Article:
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Wish I bought that Century Optics from you.  I can't really get that with my LA7200, maybe it's because I use it for wides rather than closeups.  I have all ranges of diopters too but the LA7200 needs small apertures of at least F5.6 killing any low-light possibilities really.  Well I hope the SLR Magic lens works out well because I'm interested.  I'll wait for the final production version though.

 

Hmmm, that must have been someone else here as I've had mine for a little over a year now and have never been tempted to sell it.  

 

Did you find that the Panasonic needed f/5.6 regardless of focal length?  I was able to work out on my Century Optics that f/2.8 was the cutoff for 24mm without diopter, corresponding to an 8.571mm opening.  Consistently, as I worked my way up through my lenses I had to stop down to get as close as I could to being at or smaller than this 8.571mm opening in order to have serviceable focus that I could then improve with the Tokina.  

 

The lens experts here would likely be all, "well duh," but I can't say that I've ever seen this phenomenon expressed as more than a generality and the need to be "stopped down" which is generally true for anamorphic outside some of the 8mm and 16mm adapters that have their own laundry list of caveats, many of which preclude them from being interesting to me outside the novelty of having one.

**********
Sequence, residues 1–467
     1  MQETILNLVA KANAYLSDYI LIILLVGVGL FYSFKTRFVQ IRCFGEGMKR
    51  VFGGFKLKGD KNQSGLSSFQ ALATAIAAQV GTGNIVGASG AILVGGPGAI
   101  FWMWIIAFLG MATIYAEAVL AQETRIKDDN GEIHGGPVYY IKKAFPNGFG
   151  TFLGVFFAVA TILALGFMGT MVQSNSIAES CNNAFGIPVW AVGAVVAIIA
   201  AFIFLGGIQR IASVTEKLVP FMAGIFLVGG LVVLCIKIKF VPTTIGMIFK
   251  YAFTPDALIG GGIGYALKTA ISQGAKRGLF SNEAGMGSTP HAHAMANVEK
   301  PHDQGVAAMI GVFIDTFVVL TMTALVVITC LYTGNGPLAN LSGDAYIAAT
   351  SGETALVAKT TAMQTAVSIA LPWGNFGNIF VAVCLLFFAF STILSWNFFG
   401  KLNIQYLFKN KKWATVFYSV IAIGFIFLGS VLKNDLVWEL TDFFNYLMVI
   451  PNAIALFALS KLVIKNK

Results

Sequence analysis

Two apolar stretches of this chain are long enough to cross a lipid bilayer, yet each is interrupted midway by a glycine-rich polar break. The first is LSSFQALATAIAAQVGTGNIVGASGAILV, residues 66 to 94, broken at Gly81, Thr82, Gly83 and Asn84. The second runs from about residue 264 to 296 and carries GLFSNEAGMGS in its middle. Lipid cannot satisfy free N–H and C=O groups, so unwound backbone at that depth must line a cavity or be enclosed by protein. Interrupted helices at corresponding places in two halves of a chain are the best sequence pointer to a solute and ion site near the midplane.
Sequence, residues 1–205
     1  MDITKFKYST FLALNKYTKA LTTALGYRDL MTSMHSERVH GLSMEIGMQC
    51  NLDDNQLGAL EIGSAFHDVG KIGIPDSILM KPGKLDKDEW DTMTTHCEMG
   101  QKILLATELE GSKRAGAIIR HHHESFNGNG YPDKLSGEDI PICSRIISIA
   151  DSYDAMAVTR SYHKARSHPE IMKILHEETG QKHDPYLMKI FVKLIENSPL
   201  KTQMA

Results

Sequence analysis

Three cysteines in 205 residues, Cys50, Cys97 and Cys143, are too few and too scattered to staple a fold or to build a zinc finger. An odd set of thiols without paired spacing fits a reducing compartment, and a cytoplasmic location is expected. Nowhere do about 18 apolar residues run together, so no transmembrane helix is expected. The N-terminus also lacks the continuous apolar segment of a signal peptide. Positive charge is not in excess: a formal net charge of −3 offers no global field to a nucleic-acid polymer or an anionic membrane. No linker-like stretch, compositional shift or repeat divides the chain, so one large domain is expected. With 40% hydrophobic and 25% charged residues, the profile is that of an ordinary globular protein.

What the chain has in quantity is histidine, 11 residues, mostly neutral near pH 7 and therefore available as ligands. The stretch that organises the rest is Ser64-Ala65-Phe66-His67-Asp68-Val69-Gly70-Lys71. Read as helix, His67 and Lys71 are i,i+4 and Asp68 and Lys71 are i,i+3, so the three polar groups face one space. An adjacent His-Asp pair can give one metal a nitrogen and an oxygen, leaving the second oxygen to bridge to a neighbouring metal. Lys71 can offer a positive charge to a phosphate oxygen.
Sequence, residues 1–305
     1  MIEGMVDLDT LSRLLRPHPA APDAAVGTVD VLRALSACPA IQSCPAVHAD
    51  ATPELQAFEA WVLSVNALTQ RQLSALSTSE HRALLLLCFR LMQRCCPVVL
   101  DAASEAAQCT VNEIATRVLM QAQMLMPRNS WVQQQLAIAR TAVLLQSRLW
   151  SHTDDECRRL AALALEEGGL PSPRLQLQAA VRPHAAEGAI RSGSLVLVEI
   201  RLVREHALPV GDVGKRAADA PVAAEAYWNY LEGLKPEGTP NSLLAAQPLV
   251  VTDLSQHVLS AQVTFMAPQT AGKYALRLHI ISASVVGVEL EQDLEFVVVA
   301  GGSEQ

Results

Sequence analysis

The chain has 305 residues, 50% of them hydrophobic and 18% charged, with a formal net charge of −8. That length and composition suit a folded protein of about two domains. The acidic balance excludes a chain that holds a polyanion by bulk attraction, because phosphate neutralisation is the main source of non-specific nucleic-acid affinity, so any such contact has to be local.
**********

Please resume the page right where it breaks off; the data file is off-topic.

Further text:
So for my 35mm it was f/4 and 50mm it was f/5.833 but at f/5.6 plus the Tokina I was okay.  That definitely feels restrictive.  On MFT you can get a very decent looking CU and MCU with a 50mm but being that stopped down means weighing the aesthetic pros and cons of facial distortion + background control versus flatter CU but less depth separation.

 

The pre-production SLR Magic lens is focusing without a diopter at f/2.8 on a 35mm which is very encouraging.  At worst it points to at least offering one extra stop without diopter.  Hard to tell at this point but it looks like it could be sharper and cleaner at the edges than the Century as well, though I'm not bothered at all by a little fringing since you can find non-linear edge performance in Panavision Primo photography in the right/wrong set of circumstances.  I'm a fan of "dirty" anamorphic, full of flare and dreamy, the look of KILLING THEM SOFTLY being an extreme example.  It works for all the genres I really care about.

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...Try getting your actors to stay in focus when in motion with dof this shallow. Not very practical for my tastes.